At the beginning of Calypso, an odd verbal mannerism characterizes Bloom's concern for getting his wife's breakfast plate exactly right: "Another slice of bread and butter : three, four : right. She didn't like her plate full. Right." At the beginning of Hades, a similar, and rhyming, repetition characterizes his need to make sure that the carriage door has latched tight: "He pulled the door to after him and slammed it tight till it shut tight." A psychologist might speculate that Bloom suffers from a touch of obsessive-compulsive disorder.
OCD is not a new diagnosis. The British term "obsession" and the American term "compulsion" both started as translations of the German word Zwangsvorstellung ("forced ideas," i.e. compulsive ideation), coined in 1877 by neurologist and psychiatrist Carl Westphal. (Westphal also invented the term agoraphobia, and made several other important medical discoveries, including the first clinical descriptions of narcolepsy and cataplexy. According to Michel Foucault, he originated the modern idea of the homosexual.)
A decade earlier, in 1868, the neurologist and psychiatrist Wilhelm Griesinger published three case studies of a neurosis that he called Grübelsucht (meaning something like "brooding-searching" disorder). Many French, German, and Austrian psychologists of the 19th and early 20th centuries sought fitting language to investigate the nature and causes of obsessive thoughts and actions. Identification of the problem began still earlier. A web article posted by the Stanford University School of Medicine cites instances from the 17th century, including one from Ireland: "In 1660, Jeremy Taylor, Bishop of Down and Connor, Ireland, was referring to obsessional doubting when he wrote of 'scruples': '[A scruple] is trouble where the trouble is over, a doubt when doubts are resolved'" (see http://ocd.stanford.edu/treatment/history.html).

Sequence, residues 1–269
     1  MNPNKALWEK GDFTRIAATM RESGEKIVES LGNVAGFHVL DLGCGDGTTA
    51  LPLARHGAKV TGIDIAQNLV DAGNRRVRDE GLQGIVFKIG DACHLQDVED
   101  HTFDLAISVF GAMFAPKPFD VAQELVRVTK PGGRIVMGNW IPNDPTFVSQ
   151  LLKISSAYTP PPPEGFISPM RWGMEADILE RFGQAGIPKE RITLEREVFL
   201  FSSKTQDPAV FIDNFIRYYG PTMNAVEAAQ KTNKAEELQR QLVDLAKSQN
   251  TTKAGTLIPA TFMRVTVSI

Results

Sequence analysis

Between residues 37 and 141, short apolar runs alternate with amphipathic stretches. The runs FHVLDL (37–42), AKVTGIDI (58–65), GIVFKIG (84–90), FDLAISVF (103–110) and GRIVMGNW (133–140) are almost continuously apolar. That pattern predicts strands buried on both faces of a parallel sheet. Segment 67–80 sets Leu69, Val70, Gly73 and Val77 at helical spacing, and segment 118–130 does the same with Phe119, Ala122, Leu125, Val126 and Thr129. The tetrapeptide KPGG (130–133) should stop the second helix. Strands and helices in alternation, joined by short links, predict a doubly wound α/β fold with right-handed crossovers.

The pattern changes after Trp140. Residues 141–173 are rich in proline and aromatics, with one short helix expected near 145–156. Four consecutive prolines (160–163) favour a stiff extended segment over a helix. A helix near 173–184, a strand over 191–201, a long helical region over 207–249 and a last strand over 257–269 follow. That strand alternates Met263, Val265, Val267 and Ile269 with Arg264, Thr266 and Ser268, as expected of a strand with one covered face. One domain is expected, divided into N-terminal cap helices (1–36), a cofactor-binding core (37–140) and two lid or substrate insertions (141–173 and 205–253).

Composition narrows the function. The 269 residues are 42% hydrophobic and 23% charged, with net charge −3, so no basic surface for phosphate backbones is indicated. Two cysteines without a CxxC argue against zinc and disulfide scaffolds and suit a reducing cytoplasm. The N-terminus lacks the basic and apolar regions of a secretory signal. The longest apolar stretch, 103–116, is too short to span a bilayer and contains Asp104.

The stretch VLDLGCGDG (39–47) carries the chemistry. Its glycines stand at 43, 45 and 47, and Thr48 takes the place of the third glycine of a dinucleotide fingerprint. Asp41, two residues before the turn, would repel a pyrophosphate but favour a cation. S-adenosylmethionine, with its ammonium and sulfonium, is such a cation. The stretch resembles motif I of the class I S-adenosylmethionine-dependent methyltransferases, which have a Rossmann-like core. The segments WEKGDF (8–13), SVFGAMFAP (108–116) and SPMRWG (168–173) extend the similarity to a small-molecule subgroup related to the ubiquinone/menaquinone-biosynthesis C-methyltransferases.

In 1888 the Irish expert on mental disorders whom Buck Mulligan mentions in Telemachus gave a talk titled "A Rare Form of Mental Disease (Grübelsucht)," which was later published under his name and occupation: "Conolly Norman, M.K.Q.C.P., F.R.C.S.; Medical Superintendent of the Richmond District Asylum, Dublin." Norman refers to Griesinger's 1868 publication and notes that the illness "has no recognised designation in English." He translates the old verb grübeln as "to go about inquiring, to inquire closely, to busy oneself inquiring about subtle questions or trivial matters, to pry," and says that the essential feature of the disease is "the obsession of the mind by an imperative mode of thought, taking the form of perpetual interrogation, a constant urgent morbid impulse to inquire into and investigate everything, an incapacity to accept contentedly the ordinary postulates of knowledge." Many of these questions, he notes, are "of an entirely unpractical and untheoretical nature; but this is not necessarily so." He cites the case of a woman who, when she woke up, experienced dread of what would happen if she did not get out of bed immediately. She felt "compelled to examine any bit of straw or paper or glass that she saw. In the street she must find out what any scrap of written or printed paper was and to what it referred." A taste of soup sent her into loops of questioning whether or not thyme was one of the ingredients, and whether some of her sips were in fact detecting thyme or some other spice, and what thyme really is, and so on.
Diagnosing mental diseases in literary characters and dead authors is an intellectually suspect, and frequently frivolous, enterprise. But Joyce was interested in late 19th century psychological theories. In Circe he applied some of the theories of the "sexologists" (Richard von Krafft-Ebing, Havelock Ellis, Sigmund Freud) to the understanding of Bloom's neuroses, no doubt performing some psychoanalysis on himself as he wrote. It may be worth asking whether the author connected Bloom's incessant questioning with a morbid tendency to overthink the smallest details of daily life.